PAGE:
Connecting Design and Science

One problem in engineering is a disconnect between the design aesthetics of technology that not only help determine whether something is physically viable but also contributes to ease of user interface, and the mechanical engineers and scientists who speak an almost entirely different language. I believe the disconnect between the arts and sciences have been polarized in society though the educational system, in that often we are taught that one is either in one or the other. Scientific discovery comes from the artistic spirit and the artist would be significantly limited without their carefully crafted materials.

The cerebral hemispheres and the corpus collosum are much like art, science, and the liaison between them. The left hemisphere controls the right side of the body as well as logical thought, organization, and mathematics while the right controls the opposite side and contributes creative thinking, emotion, and instincts. But where truly innovative ideas come from is the communication between the two. The corpus collosum, like interdisciplinarity, opens the channel between worlds and allows application of both objective and subjective thinking. There are tons of ways to represent and apply this skill, and in this degree plan I will talk about my primary goal as an interdisciplinarian.

I have talked to many people in my ideal work field, engineering, and they have all said their jobs require use of vastly different skills. What I found out is that every step to creating or fixing something, for someone, for society, for the world, is a multi-faceted process involving many people, often with language, cultural, religious, and educational barriers. So what I want to do is be able to know enough about each field to traverse some of these barriers.

Imagine this: Your engineering company wants to build a water purification system for use in under developed countries. There is a long line of people necessary to make this a successful venture. There are the graphic designers that draw a blueprint in 2D or with computer aided design software that need to collaborate with the industrial engineers about the specific inner workings of this machine. Parts are drawn up and ordered from product manufacturers most likely from China, electrical and mechanical engineers put the system together and make sure it works. To get the product anywhere, it needs marketability, to be user friendly, and have a minimal environmental impact. My ideal job is to the fully entwined in this process – being the liaison between fields, understanding and re-explaining design issues to the engineers, or how to rework an aesthetic feature into a feasible mechanism.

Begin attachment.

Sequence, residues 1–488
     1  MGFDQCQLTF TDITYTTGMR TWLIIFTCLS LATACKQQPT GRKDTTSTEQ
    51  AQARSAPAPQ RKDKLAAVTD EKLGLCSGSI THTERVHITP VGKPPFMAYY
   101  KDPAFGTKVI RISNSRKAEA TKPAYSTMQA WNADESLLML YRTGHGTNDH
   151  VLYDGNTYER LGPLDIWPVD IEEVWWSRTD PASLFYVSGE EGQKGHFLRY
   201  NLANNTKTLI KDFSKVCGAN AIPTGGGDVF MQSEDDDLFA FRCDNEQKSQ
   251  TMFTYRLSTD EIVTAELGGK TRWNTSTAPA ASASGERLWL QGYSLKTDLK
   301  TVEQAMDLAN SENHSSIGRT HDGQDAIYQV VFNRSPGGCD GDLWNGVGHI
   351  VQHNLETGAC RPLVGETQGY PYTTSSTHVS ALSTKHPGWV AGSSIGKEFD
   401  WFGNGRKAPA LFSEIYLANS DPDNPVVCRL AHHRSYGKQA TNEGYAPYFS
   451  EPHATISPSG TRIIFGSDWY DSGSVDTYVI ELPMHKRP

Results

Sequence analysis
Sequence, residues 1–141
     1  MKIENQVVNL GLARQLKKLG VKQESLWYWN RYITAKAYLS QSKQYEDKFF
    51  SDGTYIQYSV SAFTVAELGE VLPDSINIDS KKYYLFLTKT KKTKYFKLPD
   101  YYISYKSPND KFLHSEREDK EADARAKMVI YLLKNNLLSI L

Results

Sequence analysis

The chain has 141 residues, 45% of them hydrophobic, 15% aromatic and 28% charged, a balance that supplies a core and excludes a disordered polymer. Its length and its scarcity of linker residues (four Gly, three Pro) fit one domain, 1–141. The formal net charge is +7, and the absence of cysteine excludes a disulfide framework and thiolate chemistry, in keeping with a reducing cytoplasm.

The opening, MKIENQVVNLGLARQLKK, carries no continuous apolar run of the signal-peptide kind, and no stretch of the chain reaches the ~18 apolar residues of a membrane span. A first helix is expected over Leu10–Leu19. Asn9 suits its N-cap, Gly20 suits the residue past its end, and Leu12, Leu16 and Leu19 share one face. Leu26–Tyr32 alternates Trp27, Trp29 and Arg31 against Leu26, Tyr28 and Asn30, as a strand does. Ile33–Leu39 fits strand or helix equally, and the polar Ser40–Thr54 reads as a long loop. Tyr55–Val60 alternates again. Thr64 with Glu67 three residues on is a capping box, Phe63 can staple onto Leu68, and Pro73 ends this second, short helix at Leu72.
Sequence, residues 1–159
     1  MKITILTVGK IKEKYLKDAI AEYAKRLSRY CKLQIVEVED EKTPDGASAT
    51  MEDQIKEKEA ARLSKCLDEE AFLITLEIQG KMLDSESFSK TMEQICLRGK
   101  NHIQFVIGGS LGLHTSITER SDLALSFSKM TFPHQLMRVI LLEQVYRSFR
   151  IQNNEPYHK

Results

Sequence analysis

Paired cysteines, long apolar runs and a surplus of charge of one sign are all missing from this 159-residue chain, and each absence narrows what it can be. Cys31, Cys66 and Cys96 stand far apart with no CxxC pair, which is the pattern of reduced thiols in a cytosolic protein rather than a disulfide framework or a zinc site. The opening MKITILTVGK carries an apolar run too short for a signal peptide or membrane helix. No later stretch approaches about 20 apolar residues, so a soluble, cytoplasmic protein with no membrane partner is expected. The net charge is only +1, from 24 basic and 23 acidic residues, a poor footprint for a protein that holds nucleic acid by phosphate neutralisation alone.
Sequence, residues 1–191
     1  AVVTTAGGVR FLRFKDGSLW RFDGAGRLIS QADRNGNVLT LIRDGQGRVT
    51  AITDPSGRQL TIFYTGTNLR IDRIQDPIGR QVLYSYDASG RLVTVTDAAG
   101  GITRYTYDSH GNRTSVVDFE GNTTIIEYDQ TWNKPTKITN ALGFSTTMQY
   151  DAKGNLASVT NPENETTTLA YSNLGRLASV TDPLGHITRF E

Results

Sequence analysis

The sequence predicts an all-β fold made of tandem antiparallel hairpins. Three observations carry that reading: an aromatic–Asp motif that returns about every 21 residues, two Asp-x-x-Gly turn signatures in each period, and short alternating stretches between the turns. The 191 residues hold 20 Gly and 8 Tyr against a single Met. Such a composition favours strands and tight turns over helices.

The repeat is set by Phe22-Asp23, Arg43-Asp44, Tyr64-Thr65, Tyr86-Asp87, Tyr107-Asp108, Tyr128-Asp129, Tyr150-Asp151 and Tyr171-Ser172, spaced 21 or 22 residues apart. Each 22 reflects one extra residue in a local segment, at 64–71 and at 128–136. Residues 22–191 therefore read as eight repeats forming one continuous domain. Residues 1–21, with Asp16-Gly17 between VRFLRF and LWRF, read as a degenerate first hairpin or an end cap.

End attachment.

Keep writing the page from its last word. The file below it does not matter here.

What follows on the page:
The classes I am taking are primarily art and science with math and a little bit of psychology. PS3600: Behavioral Neuroscience explores the anatomy of the brain and how it controls each bodily function. A basic understanding of neuroanatomy and physiology will give me a well-rounded knowledge base. PS3140: Statistics in Psychology is an incredibly helpful class that is teaching me about unbiased, critical data collection, interpretation, and communication. These are essential skills for every subject dedicated to sharing information effectively. BI1120: Biological Science II will be a continuation of the biological sciences sequence. These classes cover experiments in a lab setting, the technical language of biology, and keeping an organized, professional lab notebook. Being well read in biological and other scientific aspects will be helpful in effectively communicating results in non-technical language. BI3050: Biotechnology will teach me about technical writing and a basic understanding of some complicated technology. MA2140: Pre-calculus will prepare me for calculus. MA2490: Applied Calculus I covers the application of calculus in various disciplines. This calculus sequence is algebra based, which is the most widely used form of math in scientific and engineering fields. PH2140: Physics II will be my continuation of the physics sequence.  AR1120: Drawing Ideas, Interior, Land teaches sketching and 2D work on paper. AR1065: Foundations of Sculpture: Form 3D is the building block to 3D design and its practical applications. AR3160: Sculpture: Objects and Ideas explores aesthetic interpretations of forms. AR3060: Sculpture: Representing the body explores various sculpting material in organic forms. AR3940: Advanced Multidisciplinary Studies focuses on idea development and interactions with people across artistic disciplines.